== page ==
What if anything is the customs process when I take my interior out of Canada? (we are driving back to the US for Christmas) I'm going to then ship to Kirk Evans for fast access conversion and restorative work. I'm aiming to bring it back when my wife comes back up mid February and don't want to fall foul of any rules or get done for duty as new parts on re-entry.

Thanks,
Julian
Original Post
Julian,

By the letter of the law, when you ship things like interior pieces outside of Canada to be restored, they are considered new when you bring them back into the country, so you are required to pay duty and taxes accordingly. That being said, I've never had a Customs agent even mention this regulation. That's probably because it would be impossible for them to establish a value for new pieces. I've seen this happen with cars though. It usually works in the owner's favour because the value Customs puts on the restored car is usually much less than the cost of the restoration (although they'll make you pay duty if the car's an import).

The best thing to do is have Kirk give you an invoice that specifically states the "to-be-restored panels were received from Canada" and "all materials and labour are products of the USA". That way, Customs will only ding you with 5% GST. Of course, if you lived in a province other than Alberta, you'd have to pay PST too.
Julian,

I sent my ZF for overhaul by RBT and the process was fairly simple, although the Canadian Government doesn't make it easy to find that out. Essentially you should export your parts temporarily. This proves that they were here in the first place.

First step in the process is to stop at Canadian Customs BEFORE you leave Canada. The CBSA guys will (when you are exporting them) inspect the parts (maybe) and stamp your completed E15 (see below) form (insist on that). Then, upon re-importation, you should have the form and your repair invoice showing the work that was done. Taxes will be based on the actual value (in $ CDN) of the work done. No duty is applicable as it will be done in the USA.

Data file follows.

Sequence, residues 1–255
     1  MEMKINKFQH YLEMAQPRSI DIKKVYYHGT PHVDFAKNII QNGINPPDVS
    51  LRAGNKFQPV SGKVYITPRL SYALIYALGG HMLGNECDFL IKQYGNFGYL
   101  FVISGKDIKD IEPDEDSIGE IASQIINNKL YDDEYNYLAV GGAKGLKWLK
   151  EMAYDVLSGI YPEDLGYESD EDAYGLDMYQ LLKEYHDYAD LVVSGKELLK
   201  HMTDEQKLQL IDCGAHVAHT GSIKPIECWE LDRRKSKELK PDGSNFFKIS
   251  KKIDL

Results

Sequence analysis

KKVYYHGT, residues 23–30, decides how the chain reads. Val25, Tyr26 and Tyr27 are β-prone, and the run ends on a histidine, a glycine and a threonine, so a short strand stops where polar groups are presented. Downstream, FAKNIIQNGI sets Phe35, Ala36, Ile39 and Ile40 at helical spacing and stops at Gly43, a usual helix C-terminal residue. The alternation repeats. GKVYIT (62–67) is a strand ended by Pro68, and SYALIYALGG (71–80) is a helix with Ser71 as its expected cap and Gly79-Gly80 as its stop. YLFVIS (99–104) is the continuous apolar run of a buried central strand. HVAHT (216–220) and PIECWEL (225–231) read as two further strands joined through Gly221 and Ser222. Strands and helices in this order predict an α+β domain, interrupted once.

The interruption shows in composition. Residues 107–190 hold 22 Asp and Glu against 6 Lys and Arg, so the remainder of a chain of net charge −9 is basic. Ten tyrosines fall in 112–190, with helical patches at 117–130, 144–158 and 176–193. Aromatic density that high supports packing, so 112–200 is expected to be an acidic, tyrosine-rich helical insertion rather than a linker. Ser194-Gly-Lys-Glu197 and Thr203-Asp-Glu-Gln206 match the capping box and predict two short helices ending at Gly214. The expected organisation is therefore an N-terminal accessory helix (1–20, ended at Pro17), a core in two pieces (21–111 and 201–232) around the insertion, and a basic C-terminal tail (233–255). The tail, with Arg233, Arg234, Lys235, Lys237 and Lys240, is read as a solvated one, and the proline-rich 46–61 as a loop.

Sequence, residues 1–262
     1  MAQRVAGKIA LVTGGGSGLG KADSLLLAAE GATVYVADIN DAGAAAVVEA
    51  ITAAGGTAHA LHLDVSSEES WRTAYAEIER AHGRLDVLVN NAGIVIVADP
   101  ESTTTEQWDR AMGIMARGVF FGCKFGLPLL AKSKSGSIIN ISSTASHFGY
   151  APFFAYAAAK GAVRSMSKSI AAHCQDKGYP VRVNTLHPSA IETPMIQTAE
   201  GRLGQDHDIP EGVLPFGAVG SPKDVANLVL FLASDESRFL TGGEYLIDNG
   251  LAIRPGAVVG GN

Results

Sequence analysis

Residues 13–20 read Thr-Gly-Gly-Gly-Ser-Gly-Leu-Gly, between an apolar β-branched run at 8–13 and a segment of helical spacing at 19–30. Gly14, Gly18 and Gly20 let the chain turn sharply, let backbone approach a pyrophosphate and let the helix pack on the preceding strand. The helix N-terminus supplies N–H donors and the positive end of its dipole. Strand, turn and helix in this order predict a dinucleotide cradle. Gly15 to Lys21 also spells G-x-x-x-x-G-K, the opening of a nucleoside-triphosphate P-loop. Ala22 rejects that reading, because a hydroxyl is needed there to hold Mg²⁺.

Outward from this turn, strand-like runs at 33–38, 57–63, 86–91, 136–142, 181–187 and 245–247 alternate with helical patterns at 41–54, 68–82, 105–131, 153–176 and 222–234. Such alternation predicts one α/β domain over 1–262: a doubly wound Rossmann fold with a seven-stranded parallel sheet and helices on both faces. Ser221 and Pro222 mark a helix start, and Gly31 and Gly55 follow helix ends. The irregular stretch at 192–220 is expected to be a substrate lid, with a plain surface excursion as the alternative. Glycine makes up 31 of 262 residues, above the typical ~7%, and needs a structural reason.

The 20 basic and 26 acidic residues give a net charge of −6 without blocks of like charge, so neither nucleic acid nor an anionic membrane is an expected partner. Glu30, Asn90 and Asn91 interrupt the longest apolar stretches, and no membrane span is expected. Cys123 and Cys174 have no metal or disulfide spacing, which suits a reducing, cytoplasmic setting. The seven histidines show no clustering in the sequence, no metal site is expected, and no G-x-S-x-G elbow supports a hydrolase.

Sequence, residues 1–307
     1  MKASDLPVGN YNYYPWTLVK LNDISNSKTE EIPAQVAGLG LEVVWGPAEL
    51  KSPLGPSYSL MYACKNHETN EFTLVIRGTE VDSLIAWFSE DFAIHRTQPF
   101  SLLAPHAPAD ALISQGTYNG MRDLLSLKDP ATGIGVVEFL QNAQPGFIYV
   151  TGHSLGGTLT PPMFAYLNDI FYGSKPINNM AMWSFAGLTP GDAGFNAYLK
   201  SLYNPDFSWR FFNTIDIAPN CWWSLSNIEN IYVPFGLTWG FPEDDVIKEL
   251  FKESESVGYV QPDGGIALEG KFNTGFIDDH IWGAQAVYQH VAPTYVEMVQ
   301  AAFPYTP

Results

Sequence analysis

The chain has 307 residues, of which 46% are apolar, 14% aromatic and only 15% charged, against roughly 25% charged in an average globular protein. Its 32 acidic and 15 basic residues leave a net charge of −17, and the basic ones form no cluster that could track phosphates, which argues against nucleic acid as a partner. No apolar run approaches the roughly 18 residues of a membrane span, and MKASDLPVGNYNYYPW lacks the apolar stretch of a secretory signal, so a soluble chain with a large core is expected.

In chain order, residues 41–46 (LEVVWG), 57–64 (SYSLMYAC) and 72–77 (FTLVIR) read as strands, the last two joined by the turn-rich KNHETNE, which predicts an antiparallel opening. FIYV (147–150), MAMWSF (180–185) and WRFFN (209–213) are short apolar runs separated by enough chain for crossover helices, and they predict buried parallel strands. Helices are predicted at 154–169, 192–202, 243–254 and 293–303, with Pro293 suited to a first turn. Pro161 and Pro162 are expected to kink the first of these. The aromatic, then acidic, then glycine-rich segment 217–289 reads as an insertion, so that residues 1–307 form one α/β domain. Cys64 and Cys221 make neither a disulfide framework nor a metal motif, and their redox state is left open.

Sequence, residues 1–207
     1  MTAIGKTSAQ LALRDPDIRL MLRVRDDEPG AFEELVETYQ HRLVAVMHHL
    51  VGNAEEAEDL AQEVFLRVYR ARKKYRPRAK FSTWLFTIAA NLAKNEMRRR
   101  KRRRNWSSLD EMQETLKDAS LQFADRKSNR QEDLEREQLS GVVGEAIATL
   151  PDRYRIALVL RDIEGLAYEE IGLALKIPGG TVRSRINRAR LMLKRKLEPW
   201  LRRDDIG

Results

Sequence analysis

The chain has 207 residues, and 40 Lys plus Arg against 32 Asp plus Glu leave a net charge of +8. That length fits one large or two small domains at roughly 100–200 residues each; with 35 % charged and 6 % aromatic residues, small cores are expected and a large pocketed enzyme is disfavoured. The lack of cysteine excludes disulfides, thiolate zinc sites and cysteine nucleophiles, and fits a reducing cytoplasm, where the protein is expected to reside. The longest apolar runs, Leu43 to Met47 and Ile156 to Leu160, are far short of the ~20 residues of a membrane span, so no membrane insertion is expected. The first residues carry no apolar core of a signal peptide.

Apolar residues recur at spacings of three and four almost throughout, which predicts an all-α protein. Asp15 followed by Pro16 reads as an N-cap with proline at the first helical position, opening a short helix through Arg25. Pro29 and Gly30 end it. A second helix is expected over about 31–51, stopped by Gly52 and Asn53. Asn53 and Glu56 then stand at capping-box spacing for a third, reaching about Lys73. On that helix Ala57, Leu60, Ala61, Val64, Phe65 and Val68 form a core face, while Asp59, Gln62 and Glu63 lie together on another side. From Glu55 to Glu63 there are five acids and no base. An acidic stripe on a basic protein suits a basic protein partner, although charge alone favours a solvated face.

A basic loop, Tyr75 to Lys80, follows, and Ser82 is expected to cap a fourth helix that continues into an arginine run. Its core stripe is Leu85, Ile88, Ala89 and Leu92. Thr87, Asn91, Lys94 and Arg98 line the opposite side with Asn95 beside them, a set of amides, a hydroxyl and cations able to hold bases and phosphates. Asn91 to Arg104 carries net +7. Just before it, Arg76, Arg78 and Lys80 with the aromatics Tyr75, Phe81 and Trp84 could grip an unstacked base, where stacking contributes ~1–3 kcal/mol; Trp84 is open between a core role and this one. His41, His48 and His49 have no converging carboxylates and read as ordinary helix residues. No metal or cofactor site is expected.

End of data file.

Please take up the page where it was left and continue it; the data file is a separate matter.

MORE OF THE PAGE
I like to be UBER prepared and have photo documentation (before/after), proof of payment, contact information for the restorer etc. Basically, if CBSA wants to make your life difficult then be prepared to make their job easy and they will see that you're doing things properly.

Here is a link to the relevant guideline:

http://www.cbsa-asfc.gc.ca/pub.../d8/d8-2-11-eng.html

And an image of the E-15 form (see page 11 or so of THIS link: http://www.cbsa-asfc.gc.ca/pub.../d20/d20-1-4-eng.pdf )

Good luck. Feel free to email me directly if you have any questions.

Mark

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Oh, and one other thing:

ALL parts intended specifically (or primarily) for use in vehicles that are over 25 years AND THOSE VEHICLES are exempt from duty regardless of origin. MANY CBSA offices DO NOT KNOW this and happily coerce people into paying 6.1% import duty when they shouldn't. I have helped several Pantera owners obtain a full refund of the duty they were charged in error. It's much easier to avoid being charged it in the first place of course.

The Tariff Classification Number is 9966.00.00

See below.

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